It is not as easy as you think to recognize that the person that is the closest to you is an alcoholic. To actually get to grips with the situation in which your partner’s drinking problem comes to light can be as stressful for you as it is for your partner admitting to his alcoholism.
The first step is looking for patterns in their drinking habits. Do they drink every day? Every weekend? Only on Sundays? Do they drink because the kids were screaming all day? Is their job particularly stressful that day?
As we all know, an occasional social drink and drinking to forget a stressful situation are two separate entities. Someone who is clearly drinking to relieve stress is to be considered a potential alcoholic. If your spouse is consistently having to have a few drinks after work just to relax, most likely they are having alcohol dependency problems.
Another common ground feature amongst alcoholics is that they will always lay the blame on somebody else for their problems. Either their boss gets under their skin, their wife’s a nag or money (or the lack of it) are just some of the common causes. The outcome tends to be to just drink those problems away instead of dealing with them, so my question to you is…”Does your spouse put the blame on others for his or her perceived problems?”
One of the sadder aspects of this disease is how it affects the whole family in general, as an alcoholic will avoid all his family commitments. If you feel that the financial burden is falling upon you and that your partner is not responding, then should just try and work out how much of the family budget is being diverted to alcohol.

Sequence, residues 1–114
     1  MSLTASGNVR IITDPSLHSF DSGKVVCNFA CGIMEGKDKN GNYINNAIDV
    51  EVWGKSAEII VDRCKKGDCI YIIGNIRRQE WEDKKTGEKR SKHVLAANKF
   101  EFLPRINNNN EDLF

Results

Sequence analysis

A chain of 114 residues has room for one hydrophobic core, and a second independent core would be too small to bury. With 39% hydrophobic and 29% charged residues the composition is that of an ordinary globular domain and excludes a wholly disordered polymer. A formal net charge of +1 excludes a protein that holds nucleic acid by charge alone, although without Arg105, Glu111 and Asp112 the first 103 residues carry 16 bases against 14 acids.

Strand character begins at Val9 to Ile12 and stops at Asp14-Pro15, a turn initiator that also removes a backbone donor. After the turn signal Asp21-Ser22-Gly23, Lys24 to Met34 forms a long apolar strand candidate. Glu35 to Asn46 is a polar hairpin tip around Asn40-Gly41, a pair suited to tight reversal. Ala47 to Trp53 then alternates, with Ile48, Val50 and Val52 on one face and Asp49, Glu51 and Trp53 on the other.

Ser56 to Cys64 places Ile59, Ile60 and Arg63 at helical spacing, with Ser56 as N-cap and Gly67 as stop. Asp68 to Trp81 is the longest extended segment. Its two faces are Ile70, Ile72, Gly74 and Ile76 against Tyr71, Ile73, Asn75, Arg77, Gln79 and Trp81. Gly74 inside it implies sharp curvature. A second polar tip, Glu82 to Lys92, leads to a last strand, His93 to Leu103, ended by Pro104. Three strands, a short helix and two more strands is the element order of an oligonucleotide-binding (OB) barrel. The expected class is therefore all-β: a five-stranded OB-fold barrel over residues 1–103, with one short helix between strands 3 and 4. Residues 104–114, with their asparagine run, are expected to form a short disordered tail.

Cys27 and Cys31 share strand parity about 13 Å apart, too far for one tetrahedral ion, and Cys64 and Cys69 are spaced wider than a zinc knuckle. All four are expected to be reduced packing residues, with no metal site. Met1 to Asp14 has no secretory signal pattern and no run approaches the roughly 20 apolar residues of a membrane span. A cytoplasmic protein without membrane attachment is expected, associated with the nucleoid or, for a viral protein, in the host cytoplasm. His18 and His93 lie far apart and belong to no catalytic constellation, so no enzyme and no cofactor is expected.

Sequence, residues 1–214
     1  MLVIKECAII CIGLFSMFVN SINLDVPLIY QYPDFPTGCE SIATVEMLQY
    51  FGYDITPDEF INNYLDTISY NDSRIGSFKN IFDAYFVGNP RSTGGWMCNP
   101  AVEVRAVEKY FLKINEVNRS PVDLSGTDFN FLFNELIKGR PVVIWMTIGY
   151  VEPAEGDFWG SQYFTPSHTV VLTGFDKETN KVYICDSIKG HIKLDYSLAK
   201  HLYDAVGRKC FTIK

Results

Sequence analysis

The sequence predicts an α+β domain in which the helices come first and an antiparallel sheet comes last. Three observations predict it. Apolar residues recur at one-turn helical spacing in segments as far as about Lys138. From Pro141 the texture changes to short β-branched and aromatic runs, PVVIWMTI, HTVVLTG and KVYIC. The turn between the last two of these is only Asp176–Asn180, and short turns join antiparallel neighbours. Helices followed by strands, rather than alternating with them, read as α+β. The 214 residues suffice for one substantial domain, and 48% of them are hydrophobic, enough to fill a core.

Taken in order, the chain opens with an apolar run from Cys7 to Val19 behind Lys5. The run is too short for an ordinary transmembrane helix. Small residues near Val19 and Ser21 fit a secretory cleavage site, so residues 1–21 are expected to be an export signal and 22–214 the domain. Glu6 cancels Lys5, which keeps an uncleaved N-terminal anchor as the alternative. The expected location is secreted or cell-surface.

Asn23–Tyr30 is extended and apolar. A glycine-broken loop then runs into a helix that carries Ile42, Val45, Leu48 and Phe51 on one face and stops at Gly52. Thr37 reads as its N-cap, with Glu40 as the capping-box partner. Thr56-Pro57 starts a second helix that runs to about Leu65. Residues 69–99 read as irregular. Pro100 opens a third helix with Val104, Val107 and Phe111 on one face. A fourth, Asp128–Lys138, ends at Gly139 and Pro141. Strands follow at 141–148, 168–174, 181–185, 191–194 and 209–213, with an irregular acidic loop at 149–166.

Handling An Alcoholic Spouse
Alcoholism doesn’t only affect the person experiencing it but the individuals who are surrounding him as well. Having a member of the family who’s under the power of alcohol is not easy especially if he’s your spouse. You can’t force him to stop even if you are his wife. The best way to deal with it is via therapeutic communication.
1. Always bear in mind that your spouse has become a slave to alcohol. It’s a craving he can’t stop without help. According to the National Institute on Alcohol Abuse and Alcoholism, alcoholics need to drink alcohol as they need to drink water. Understanding your husband’s situation is the key to a successful intervention.
2. Be honest about your spouse’s condition. Don’t cover up his/her weaknesses to other people. Do not let one draw the conclusion that you support him/her in his/her addiction. Let your partner face the results of his/her actions. This will help him/her realize that he/she has a problem.
3. Tell your partner how his/her drinking problem affects you and your relationship. Tell him/her about how you feel about it. Do this when your partner is sober. Always assure him/her that you care so much for him/her that is why you are telling this to him/her.
4. Motivate your spouse to receive treatment. After explaining about the positive results of the treatment process, ask him/her if he/she wants to seek help. Your spouse could meet with a counselor or he/she could be admitted in any alcohol rehab centers near you. Talk to a self-help group like Alcoholic Anonymous which could help your partner in his/her journey to recovery. This could help one remain sober through the aid of people who have the same experiences.